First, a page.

We cast real dancers and real singers, so I think because they all had a discipline they had worked at, they brought a drive and professionalism with them. I was nervous because we were casting non-actors and had a crazy schedule. They were up for the challenge. We had two acting coaches on hand and had done an acting workshop beforehand and I was available anytime they needed.

I like the usage of the characters speaking to the camera, like a confessional.
That came from necessity and from creative. For me, it was backstage not only in these kids’ lives but also backstage in their heads. It’s what they’re really thinking and feeling. It allowed us to be very subtle when we’re in the moment in the show and that subtext is said in the confessionals. We shot all of the confessionals at the end of production.

We meet Vanessa and Carly right away and see the first day of school through their eyes. But they have a major fallout and are at odds. Will they become friends again?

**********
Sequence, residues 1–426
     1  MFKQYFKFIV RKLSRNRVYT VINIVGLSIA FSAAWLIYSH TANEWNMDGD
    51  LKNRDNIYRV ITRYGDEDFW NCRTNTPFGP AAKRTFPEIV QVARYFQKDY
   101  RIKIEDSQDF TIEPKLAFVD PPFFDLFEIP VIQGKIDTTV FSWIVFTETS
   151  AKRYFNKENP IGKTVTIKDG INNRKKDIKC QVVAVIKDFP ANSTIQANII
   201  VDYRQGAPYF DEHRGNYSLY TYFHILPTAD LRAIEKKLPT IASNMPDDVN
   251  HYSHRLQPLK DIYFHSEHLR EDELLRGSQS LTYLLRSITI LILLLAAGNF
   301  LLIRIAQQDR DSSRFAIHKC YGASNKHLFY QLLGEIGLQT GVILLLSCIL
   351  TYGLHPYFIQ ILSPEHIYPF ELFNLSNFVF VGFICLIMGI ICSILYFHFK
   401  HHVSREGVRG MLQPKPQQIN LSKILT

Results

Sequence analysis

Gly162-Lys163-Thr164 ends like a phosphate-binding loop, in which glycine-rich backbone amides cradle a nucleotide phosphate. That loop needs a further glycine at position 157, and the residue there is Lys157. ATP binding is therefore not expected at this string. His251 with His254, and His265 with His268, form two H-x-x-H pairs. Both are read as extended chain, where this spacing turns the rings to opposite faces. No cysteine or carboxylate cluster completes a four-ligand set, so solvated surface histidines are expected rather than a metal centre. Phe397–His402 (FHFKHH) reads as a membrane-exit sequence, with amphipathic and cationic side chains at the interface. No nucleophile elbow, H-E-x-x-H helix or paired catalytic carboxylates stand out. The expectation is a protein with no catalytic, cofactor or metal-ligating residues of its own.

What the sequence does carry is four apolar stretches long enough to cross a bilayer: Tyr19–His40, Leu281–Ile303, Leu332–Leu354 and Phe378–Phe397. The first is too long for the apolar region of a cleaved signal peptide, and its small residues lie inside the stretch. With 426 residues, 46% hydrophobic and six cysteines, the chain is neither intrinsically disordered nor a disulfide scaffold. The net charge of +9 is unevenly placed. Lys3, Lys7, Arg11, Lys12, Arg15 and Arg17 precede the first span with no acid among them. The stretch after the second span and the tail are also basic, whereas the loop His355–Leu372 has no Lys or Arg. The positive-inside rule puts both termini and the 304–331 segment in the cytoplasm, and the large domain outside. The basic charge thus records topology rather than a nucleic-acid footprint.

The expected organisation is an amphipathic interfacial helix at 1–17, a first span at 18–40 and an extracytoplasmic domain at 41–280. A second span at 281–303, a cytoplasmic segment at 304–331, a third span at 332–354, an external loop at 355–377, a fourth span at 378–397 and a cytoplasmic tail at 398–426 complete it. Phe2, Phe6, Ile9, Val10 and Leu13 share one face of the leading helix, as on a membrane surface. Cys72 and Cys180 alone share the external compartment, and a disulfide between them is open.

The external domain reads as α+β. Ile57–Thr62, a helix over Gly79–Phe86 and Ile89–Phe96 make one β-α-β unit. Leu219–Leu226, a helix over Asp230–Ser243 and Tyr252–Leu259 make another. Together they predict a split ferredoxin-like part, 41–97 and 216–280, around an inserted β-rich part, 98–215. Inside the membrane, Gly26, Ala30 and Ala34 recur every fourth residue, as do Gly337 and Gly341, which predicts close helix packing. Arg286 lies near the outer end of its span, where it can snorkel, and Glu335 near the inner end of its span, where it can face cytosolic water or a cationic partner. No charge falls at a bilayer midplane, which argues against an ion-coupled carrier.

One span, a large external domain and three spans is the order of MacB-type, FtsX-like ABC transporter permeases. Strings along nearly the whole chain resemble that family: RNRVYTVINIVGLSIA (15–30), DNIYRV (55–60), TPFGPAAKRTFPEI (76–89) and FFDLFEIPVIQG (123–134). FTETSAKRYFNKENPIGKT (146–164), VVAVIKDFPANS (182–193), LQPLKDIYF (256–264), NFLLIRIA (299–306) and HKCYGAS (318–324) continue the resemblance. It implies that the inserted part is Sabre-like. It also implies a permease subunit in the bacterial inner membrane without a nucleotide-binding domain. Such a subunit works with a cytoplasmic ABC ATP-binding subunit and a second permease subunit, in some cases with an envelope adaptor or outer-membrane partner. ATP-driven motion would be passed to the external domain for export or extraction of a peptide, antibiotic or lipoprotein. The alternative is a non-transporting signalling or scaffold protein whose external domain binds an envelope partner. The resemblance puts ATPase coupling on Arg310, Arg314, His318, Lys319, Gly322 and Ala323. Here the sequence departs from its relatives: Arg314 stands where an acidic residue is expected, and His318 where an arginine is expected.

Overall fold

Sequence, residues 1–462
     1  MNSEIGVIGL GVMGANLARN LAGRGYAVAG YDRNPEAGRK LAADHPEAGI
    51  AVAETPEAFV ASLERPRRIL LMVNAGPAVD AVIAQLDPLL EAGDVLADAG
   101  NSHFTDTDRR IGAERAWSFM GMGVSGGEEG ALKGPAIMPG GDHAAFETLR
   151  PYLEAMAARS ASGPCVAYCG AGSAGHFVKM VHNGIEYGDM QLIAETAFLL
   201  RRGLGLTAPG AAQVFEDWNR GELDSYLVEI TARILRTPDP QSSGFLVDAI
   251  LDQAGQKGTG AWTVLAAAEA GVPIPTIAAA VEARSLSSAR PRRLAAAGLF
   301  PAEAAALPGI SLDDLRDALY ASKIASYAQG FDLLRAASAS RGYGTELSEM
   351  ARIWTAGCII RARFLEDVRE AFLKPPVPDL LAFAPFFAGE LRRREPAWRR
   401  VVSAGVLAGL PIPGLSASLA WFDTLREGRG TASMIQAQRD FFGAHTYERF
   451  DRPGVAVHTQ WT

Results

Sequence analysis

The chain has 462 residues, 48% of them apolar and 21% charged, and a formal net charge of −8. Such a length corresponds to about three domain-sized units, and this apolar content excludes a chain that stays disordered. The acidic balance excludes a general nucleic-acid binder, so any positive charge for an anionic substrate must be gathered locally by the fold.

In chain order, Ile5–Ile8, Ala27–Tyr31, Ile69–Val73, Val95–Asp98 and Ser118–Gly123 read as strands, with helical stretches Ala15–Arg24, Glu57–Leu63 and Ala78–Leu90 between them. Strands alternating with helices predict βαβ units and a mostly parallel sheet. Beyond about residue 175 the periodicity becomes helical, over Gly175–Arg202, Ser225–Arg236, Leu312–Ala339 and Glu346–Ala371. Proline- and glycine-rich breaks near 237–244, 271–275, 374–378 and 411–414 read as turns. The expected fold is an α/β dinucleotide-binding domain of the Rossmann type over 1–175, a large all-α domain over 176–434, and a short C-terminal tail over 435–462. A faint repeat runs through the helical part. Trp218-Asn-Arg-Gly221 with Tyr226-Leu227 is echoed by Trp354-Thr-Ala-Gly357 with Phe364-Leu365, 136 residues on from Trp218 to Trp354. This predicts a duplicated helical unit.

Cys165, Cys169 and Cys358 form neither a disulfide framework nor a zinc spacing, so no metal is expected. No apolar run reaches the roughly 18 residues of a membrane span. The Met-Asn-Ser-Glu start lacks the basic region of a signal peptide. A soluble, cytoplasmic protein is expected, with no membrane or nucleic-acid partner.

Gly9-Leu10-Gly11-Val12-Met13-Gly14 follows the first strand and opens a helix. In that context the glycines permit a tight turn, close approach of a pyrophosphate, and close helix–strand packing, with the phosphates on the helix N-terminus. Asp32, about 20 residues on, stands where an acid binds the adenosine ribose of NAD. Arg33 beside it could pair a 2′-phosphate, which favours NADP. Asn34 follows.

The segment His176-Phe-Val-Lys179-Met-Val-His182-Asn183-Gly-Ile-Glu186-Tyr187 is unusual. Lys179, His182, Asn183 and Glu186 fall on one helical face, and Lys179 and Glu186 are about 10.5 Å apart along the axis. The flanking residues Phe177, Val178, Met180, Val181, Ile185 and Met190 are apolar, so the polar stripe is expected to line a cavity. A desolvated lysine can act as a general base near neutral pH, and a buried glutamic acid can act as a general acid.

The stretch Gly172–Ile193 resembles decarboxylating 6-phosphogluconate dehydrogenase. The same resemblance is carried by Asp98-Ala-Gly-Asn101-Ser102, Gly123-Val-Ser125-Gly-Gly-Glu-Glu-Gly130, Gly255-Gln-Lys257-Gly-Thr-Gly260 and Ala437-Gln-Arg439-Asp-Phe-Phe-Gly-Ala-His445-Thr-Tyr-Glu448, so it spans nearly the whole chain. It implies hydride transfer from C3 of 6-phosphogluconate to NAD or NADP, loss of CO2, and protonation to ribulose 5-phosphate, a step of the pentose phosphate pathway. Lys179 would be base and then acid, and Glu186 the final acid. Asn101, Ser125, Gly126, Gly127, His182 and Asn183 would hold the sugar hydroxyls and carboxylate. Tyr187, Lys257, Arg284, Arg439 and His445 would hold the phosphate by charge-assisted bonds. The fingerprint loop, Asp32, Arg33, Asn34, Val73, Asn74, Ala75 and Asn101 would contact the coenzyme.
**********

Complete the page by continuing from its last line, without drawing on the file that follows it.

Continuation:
It’s a journey. I have three daughters and I really tried to write a friendship in terms of how I’d love to react with my girlfriends or daughters. There are going to be arguments and I just hope we made a show where both girls are right and wrong. There will be lots of ups and downs.

Jax is an interesting character. You want to like him, but right now he’s an arrogant jerk.
Jax is someone who has had some success and then goes to a school where everyone is good and he’s not better. There is quite a journey that he goes through over the 30 episodes and he learns a lot about himself.

At the end of the day, Backstage is a coming-of-age story for all of these kids. They are figuring out who they are until graduation and even then some of them might not know who they are.

Backstage airs Fridays at 7 p.m. ET/PT on Family Channel.

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Review: Mystery lingers in ‘Listener’ finale